Wikipedia:WikiProject Outlines/Drafts/Outline of biomedical engineering

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The following outline is provided as an overview of and topical guide to biomedical engineering:

Biomedical engineering – application of engineering principles and design concepts to medicine and biology for healthcare purposes (e.g. diagnostic or therapeutic). This field seeks to close the gap between engineering and medicine: It combines the design and problem solving skills of engineering with medical and biological sciences to advance health care treatment, including diagnosis, monitoring, and therapy.[1] Much of the work in biomedical engineering consists of research and development, spanning a broad array of subfields (see below). Prominent biomedical engineering applications include the development of biocompatible prostheses, various diagnostic and therapeutic medical devices ranging from clinical equipment to micro-implants, common imaging equipment such as MRIs and EEGs, regenerative tissue growth, pharmaceutical drugs and therapeutic biologicals.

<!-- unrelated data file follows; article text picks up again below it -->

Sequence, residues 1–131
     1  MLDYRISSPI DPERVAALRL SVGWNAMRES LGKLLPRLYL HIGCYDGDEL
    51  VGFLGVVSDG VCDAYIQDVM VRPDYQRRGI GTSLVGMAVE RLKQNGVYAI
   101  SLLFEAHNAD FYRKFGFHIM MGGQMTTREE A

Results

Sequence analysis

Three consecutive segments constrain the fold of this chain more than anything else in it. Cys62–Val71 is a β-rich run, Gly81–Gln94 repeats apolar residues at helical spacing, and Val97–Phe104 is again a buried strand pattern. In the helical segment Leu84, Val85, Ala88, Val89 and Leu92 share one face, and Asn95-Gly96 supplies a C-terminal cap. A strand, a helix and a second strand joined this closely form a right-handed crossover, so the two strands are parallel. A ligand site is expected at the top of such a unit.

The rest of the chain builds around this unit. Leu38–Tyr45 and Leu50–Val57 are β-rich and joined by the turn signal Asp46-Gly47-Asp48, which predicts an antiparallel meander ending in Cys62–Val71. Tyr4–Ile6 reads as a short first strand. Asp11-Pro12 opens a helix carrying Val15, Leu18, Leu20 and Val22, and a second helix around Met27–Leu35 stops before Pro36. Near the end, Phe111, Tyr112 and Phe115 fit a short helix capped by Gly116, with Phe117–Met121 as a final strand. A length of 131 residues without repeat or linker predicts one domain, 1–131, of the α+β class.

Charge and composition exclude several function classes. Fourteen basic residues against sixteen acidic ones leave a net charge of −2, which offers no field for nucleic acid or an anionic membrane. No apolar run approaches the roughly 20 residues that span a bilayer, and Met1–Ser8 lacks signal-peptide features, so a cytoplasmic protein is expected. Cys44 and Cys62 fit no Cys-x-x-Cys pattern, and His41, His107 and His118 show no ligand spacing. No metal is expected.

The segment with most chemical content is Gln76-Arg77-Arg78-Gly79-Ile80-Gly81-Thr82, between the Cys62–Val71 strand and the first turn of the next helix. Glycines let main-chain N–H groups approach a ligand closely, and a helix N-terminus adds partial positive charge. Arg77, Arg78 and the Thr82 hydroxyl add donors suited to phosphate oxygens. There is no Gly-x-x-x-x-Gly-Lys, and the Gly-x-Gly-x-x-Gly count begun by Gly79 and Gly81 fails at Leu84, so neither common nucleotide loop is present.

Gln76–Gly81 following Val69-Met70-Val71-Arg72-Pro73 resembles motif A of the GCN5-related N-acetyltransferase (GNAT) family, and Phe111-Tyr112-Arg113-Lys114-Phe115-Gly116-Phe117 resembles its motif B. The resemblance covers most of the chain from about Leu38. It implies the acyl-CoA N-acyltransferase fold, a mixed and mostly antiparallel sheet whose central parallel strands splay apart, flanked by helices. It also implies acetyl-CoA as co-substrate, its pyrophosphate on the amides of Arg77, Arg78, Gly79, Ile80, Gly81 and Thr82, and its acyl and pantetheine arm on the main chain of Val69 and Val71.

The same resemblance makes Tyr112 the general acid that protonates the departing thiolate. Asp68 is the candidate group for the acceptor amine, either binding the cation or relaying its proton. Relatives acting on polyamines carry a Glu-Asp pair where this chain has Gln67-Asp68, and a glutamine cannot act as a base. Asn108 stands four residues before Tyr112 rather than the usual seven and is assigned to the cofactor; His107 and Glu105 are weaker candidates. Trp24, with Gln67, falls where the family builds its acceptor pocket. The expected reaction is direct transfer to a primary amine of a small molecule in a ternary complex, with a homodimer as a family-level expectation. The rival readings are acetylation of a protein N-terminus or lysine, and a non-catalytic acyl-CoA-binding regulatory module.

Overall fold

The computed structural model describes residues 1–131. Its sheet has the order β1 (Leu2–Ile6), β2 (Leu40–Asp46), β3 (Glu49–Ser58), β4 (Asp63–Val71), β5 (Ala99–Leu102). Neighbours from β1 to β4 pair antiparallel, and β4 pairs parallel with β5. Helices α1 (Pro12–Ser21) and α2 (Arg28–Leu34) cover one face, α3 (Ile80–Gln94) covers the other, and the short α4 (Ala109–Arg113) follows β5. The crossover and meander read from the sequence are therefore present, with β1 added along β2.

What type of thing is biomedical engineering?[edit]

Biomedical engineering can be described as all of the following:

Branches of biomedical engineering[edit]

Development of devices which are used to enhance life processes, i.e. Kidney dialysis machines, Artificial heart etc
The use of engineering or physics principles to understand the performance of an organism, e.g. Gait analysis
The development and/improvement of imaging devices, e.g. X-ray, Magnetic resonance imaging
The development of sensors and data collection systems to monitor and provide feedback on human body process, such as DNA drug delivery system,
This is the developments of mechanism to regrow tissues, mostly through provision of environments in which tissues may grow, e.g. IVF treatment

History of biomedical engineering[edit]

Main article: History of biomedical engineering

General biomedical engineering concepts[edit]

Biomedical publications[edit]

Biomedical organizations[edit]

Persons influential in biomedical engineering[edit]

See also[edit]


  1. ^ John Denis Enderle; Joseph D. Bronzino (2012). Introduction to Biomedical Engineering. Academic Press. pp. 16–. ISBN 978-0-12-374979-6. 

External links[edit]